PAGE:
Take the 2-minute tour ×
Android Enthusiasts Stack Exchange is a question and answer site for enthusiasts and power users of the Android operating system. It's 100% free, no registration required.

What is the difference between AOSP and AOKP? Are they related to Stock ROM?

share|improve this question
add comment

2 Answers

up vote 9 down vote accepted

AOSP (Android Open-Source Project) is the project with the open-source parts of Android. It's used as a base by anyone who wants to build or customize an Android ROM. Although new Android features are developed in secret inside Google, when a new Android version is released, all the code changes to the open-source parts get merged into AOSP soon afterwards. ("Soon" is a relative term: sometimes it's not very soon at all.) Conversely, Google receives and incorporates changes submitted to AOSP (such as to fix bugs) from outside, but sometimes with a delay (because they have to create a release branch of the source long before the next release).

AOSP doesn't include the closed-source components: mainly, that's hardware drivers, and Google's special apps that only ship with certified devices (Google Play, Google Now, etc).

AOKP is one particular project. Like other custom ROMs, it's based on AOSP, but adds extra features. The maintainers also need to find (possibly closed-source) drivers for all the hardware on a device in order to support that device.

Generally, most people use the term stock ROM to mean the manufacturer's ROM that came with their device (possibly including any OTA updates). As t0mm13b points out, this ROM almost certainly wasn't built from AOSP: the source will be based on AOSP (or Google's internal sources, if the manufacturer is big enough to have access to them), but it will include any drivers for that device, as well as the manufacturer's customizations such as Samsung's TouchWiz or HTC's Sense.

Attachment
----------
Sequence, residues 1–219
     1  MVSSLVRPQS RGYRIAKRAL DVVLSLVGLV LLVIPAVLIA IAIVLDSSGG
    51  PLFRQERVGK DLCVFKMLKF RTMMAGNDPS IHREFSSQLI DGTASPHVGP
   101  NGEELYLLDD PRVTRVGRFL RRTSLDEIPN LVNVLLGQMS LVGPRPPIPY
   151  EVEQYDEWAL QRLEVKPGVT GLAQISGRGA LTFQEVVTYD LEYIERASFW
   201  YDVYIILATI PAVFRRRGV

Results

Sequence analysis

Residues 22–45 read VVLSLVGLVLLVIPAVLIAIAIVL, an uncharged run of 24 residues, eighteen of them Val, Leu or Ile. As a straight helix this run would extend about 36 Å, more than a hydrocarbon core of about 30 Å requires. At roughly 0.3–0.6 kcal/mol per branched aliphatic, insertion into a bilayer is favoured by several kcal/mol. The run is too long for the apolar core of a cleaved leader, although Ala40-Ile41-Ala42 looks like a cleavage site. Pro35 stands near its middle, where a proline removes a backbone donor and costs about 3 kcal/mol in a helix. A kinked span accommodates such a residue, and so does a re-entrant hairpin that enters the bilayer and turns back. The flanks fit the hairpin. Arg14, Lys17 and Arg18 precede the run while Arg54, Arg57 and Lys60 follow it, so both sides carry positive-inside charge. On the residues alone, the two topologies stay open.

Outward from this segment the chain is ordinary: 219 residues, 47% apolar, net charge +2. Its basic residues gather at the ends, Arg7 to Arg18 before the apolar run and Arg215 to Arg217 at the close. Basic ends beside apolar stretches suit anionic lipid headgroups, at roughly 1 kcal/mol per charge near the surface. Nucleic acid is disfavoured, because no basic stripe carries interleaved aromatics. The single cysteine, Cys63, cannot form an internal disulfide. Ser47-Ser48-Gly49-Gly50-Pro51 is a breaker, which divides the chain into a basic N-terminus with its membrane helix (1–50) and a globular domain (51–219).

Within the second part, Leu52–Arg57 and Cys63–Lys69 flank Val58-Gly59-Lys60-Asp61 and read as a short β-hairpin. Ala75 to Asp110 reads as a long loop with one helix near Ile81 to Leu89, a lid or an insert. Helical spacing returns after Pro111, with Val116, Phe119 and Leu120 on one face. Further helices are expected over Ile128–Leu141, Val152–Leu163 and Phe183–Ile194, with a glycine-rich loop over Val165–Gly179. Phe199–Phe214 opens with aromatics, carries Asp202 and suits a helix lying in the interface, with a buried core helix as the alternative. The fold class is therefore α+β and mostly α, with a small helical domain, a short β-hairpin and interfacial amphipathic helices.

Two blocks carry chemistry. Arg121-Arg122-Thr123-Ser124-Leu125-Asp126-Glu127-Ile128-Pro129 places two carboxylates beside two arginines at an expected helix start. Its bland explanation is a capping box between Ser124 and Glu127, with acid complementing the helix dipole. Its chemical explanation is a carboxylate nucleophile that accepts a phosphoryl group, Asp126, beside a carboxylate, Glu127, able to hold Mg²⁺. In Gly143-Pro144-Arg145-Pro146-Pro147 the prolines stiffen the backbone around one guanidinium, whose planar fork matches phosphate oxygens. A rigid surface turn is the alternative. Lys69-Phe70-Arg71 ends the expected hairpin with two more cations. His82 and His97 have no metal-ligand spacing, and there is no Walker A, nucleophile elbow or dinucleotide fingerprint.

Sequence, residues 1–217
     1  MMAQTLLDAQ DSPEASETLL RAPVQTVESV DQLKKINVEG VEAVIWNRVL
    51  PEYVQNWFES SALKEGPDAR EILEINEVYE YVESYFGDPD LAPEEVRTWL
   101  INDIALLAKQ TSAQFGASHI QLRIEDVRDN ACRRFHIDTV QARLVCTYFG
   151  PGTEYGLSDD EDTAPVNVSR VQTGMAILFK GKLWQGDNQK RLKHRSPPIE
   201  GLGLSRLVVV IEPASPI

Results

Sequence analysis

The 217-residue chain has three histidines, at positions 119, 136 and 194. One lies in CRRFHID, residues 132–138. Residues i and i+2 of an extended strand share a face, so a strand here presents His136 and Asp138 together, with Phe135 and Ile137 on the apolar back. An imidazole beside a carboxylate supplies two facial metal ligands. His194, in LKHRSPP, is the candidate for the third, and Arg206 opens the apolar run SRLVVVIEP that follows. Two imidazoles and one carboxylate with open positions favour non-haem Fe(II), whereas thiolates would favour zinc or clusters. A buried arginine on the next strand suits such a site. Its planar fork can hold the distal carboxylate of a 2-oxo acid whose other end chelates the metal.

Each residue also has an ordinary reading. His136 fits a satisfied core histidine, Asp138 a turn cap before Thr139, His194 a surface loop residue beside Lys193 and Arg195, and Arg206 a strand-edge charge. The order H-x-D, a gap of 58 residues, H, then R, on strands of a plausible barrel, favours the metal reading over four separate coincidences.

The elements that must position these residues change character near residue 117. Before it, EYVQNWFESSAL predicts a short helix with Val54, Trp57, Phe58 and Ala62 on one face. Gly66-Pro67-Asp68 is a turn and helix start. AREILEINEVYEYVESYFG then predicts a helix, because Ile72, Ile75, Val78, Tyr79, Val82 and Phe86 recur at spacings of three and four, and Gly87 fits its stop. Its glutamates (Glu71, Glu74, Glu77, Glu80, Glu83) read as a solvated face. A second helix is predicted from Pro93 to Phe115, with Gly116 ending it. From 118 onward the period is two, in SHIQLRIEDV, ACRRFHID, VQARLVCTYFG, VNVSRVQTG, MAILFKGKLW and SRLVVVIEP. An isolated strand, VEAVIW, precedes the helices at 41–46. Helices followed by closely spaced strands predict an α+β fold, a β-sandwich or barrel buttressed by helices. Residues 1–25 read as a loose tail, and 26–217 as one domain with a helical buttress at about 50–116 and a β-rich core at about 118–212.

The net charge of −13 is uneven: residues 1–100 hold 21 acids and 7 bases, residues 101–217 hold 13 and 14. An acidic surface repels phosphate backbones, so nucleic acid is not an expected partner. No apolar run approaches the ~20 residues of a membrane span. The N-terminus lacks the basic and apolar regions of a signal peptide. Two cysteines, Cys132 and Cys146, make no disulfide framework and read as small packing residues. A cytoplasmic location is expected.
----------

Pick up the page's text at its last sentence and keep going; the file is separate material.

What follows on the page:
If you're interested in the discussion of what exactly constitutes a "stock ROM", you might like to read the comments on this answer from last year. TL;DR: authors of custom ROMs don't all use the term to mean the same thing.

share|improve this answer
add comment

When referring to AOSP - you are referring to the original source - Android Open Source Project direct from Google, that is the base stock ROM that manufacturers and ROM modders use as a base. Many ROM makers fork the AOSP source for their version, to name but a few:

  • Cyanogenmod
  • Cafogen
  • Replicant
  • Codeaurora
  • AOKP
  • Touchwiz

Having an AOSP stock ROM is not an easy feat to achieve for devices outside of Google's supporting devices such as Nexus, Motorola. It is a simple and clean ROM with no extras in it such as power-widgets in the notification bar. Thing is, a lot of people seem to imply that any version of a ROM is based on stock ROM, truth be told, it is not, it has enhancements and extras that Stock ROM does not have! :)

The term stock ROM is bandied about a lot to an extent it can be misleading, stock ROM is AOSP full-stop! Manufacturers love to imply that their ROM is stock when it clearly is not, Touchwiz from Samsung is one culprit - and people who use Samsung devices, refer to that as stock!

AOKP, as per the OP's question, is similar to CyanogenMod - with extras that may not be found in Cyanogenmod! Android Open Kang Project, Kang being the keyword, meaning a copy-of, or unofficial, when a ROM modder says, "this project is kanged from CM", meaning, its built unofficially for the device in question, even if the device is supported!

For the case of CyanogenMod, some modders replicate the source to their machine, build it, and distribute it for the supporting device, out of perhaps due to impatience, that distribution is called a "Kang", in the view point of CyanogenMod. If it was built officially by the build-bots employed by CM, it's labelled "official".

share|improve this answer
3  
For "stock rom", I have always seen this term used for ROMs that come shipped with the phone (Or any further updates from the manufacturer). Not only for Samsung, for all constructors. –  Shywim Aug 5 '13 at 11:06
add comment

Your Answer

 
discard

By posting your answer, you agree to the privacy policy and terms of service.

Not the answer you're looking for? Browse other questions tagged or ask your own question.